By Megan Sutsko, Psy.D. Licensed Psychologist
Well, as far as mental health is concerned, there is actually scientifically supported research that has found that the wealthiest families in our nation have some of the most at-risk children and teenagers in terms of anxiety, depression, and substance abuse. This is even when they are compared with children of families in poverty (Luthar, 2003). There are many very powerful and potentially harmful trends that follow both the adults and children within this socioeconomic group, some of which I will outline below.
Another interesting fact is that research on happiness finds that people become happier the more money they make only until a certain threshold is reached. Once basic security for an individual and his/her family has been achieved, more money is actually associated with a DECREASE in happiness (Csikszentimihalyi, 1999).
How can this be?
At Rice Psychology we often see the anecdotal evidence of what can go wrong when money is no object. Material items being substitutes for quality time together; hired help being paid to raise children while parents pursue their work, passions, and pastimes; children and teens reaching adulthood having no concept of how to earn their own keep or how to take care of themselves; overworked and overstressed parents and kids. These individuals and families often feel an unconscious reluctance to seek out mental health support when needed because “we have nothing to complain about.”
There are many authors who have theorized about what can go wrong in affluent families. This is a summary of their most prominent ideas:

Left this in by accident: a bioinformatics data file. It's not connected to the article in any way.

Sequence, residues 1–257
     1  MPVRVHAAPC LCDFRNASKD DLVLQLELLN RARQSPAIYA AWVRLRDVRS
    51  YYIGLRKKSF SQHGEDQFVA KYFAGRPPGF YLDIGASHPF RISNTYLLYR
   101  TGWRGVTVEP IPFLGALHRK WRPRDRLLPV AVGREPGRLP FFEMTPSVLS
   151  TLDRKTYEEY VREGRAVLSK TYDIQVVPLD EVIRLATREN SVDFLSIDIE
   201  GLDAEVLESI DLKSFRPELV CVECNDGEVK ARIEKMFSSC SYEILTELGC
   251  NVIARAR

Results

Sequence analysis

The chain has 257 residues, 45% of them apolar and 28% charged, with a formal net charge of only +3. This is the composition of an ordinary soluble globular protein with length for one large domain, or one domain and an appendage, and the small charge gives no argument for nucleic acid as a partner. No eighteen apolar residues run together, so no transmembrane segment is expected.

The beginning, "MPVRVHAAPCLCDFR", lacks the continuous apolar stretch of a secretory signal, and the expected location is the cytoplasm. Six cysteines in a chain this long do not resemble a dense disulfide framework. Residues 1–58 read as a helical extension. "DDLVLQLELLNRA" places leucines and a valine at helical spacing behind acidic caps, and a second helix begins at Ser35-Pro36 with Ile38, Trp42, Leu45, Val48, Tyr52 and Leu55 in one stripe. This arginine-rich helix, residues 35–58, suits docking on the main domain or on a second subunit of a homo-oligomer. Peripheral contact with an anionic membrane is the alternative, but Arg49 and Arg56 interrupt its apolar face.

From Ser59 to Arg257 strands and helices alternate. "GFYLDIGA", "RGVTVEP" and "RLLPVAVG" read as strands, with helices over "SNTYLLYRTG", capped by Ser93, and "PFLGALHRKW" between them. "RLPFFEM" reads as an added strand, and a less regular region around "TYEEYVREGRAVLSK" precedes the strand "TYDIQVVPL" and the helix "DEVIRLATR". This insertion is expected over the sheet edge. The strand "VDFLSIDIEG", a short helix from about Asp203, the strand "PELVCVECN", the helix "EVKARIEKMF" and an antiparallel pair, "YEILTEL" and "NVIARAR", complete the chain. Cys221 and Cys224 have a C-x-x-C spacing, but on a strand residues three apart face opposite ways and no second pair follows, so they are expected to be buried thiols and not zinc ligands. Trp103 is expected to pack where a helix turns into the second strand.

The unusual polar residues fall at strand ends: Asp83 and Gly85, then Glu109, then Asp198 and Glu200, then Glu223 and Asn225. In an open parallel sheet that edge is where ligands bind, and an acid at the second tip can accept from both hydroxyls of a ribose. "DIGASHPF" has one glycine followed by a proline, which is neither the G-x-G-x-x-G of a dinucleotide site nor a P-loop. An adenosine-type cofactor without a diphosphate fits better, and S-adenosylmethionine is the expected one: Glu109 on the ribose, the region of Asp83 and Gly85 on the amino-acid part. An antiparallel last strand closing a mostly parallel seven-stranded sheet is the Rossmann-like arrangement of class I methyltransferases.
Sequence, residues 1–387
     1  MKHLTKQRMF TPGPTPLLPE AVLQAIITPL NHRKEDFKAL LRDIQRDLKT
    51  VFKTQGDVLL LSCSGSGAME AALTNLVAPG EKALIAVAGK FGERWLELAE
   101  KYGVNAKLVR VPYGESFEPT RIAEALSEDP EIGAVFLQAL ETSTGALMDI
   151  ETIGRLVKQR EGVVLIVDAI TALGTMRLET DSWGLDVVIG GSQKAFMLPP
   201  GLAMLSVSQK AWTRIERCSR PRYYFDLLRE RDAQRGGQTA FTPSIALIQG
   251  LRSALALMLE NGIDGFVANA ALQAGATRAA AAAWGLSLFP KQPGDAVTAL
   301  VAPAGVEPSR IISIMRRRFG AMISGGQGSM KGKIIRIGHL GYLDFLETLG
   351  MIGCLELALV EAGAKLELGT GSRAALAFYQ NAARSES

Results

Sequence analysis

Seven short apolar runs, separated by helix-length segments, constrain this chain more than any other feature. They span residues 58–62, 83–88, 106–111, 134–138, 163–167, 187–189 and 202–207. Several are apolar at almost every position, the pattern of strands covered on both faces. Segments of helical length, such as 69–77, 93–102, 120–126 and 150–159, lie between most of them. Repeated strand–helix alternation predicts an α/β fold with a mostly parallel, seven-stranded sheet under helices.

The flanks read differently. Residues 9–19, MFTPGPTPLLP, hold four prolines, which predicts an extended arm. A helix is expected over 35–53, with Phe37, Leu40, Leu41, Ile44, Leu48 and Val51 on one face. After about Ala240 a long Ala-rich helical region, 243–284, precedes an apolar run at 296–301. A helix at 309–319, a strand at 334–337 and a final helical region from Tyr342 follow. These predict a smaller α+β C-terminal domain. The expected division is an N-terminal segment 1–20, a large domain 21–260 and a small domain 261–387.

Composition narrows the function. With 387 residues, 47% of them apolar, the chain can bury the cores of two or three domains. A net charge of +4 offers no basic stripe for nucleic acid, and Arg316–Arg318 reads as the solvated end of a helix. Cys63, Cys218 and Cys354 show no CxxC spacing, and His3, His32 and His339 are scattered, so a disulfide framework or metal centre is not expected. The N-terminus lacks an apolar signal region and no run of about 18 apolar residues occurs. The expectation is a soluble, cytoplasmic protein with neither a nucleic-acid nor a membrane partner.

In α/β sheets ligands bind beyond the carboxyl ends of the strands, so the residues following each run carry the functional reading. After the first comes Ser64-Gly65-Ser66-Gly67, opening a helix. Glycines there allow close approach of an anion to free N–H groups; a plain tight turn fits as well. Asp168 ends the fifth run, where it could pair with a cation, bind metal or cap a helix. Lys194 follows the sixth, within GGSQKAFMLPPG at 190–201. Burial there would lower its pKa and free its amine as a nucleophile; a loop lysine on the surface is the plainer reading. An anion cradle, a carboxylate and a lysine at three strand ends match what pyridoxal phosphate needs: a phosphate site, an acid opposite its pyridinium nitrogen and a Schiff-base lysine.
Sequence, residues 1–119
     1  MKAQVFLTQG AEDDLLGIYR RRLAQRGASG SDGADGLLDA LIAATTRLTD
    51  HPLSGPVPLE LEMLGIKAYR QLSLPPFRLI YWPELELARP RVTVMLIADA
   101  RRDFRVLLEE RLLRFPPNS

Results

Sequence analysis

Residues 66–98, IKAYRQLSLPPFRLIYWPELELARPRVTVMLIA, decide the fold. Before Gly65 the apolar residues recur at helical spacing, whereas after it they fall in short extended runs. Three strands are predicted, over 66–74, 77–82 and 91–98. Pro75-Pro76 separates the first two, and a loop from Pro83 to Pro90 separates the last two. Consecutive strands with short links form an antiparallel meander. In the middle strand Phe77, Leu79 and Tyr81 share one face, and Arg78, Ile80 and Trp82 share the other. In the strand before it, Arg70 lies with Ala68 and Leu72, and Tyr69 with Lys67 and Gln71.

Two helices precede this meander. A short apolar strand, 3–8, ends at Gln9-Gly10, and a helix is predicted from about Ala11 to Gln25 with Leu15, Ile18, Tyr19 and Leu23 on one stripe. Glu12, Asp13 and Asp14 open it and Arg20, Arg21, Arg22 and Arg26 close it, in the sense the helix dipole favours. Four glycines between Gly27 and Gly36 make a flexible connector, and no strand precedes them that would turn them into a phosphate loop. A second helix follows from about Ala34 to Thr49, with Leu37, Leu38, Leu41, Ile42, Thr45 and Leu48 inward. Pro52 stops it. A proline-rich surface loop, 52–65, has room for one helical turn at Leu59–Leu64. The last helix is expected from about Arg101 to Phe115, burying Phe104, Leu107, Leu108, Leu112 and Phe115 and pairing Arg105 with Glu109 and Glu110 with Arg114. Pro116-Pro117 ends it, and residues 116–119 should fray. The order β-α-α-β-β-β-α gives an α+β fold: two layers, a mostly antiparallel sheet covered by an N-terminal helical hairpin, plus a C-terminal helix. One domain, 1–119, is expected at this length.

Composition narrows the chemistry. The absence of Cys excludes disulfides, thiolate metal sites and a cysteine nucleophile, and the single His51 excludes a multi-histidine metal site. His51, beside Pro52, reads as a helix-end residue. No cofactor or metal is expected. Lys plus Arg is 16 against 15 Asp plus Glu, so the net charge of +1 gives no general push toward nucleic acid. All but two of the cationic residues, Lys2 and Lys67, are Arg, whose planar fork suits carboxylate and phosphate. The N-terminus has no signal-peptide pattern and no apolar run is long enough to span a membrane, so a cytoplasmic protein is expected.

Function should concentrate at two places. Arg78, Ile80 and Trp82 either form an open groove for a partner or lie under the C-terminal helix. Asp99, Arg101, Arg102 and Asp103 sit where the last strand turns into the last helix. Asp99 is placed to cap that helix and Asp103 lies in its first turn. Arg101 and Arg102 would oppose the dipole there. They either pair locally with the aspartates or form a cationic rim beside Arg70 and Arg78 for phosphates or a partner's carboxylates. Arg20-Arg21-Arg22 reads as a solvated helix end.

1) Parental or Individual factors
- The Type-A personalities that breed success in business often have difficulty with the flexibility and compromise required for appropriate parenting.
- Parents in this bracket can afford to pay for help with the children and frequent vacations. They therefore spend less time with their children.
- Stay at home wives/mothers of powerful men often feel unfulfilled.
- Affluent parents work long hours and have unrealistically high expectations for themselves and their children.
- These parents have fewer natural limits so they have to work harder to create limits for their kids.
2) Community factors
- The geographical makeup of affluent communities (large gated homes with land) is not conducive to high neighborhood involvement.
- People that are able to outsource and pay for help rely less on their friends and neighbors and therefore do not form as deep a bond with their social supports.
- The competition in “keeping up with the Jonses” can be very toxic.
- Affluent communities are often vilified by others. “Wealthism” is very real and describes the anger that other socio economic groups feel towards the affluent.
3) Child factors
- Children raised with changing caregivers (or nannies) can develop problems with attachment.
- The emphasis on academic success and achievement in general is daunting. Scheduling is often out of control and leaves no time for “down time.”
- These children feel they cannot live up to the standards their high achieving parents have set. They often feel like “phonies.”
- Children who grow up in affluence often express feelings of emptiness because they have had things handed to them their entire lives.
- These children tend to have fewer limits and have the money to obtain drugs and often can buy themselves out of trouble.
It is important for anyone in this socioeconomic bracket to be aware of these potential pitfalls. It is equally important that healthcare providers working with this group be not only aware, but actively engage these families one how to manage these very specific challenges.
This is what we strive to do here at Rice Psychology Group. If you have questions or need help with this or any other challenge, please contact us at 813-969-3878.
If you are interested in reading more about this topic, I recommend the following books: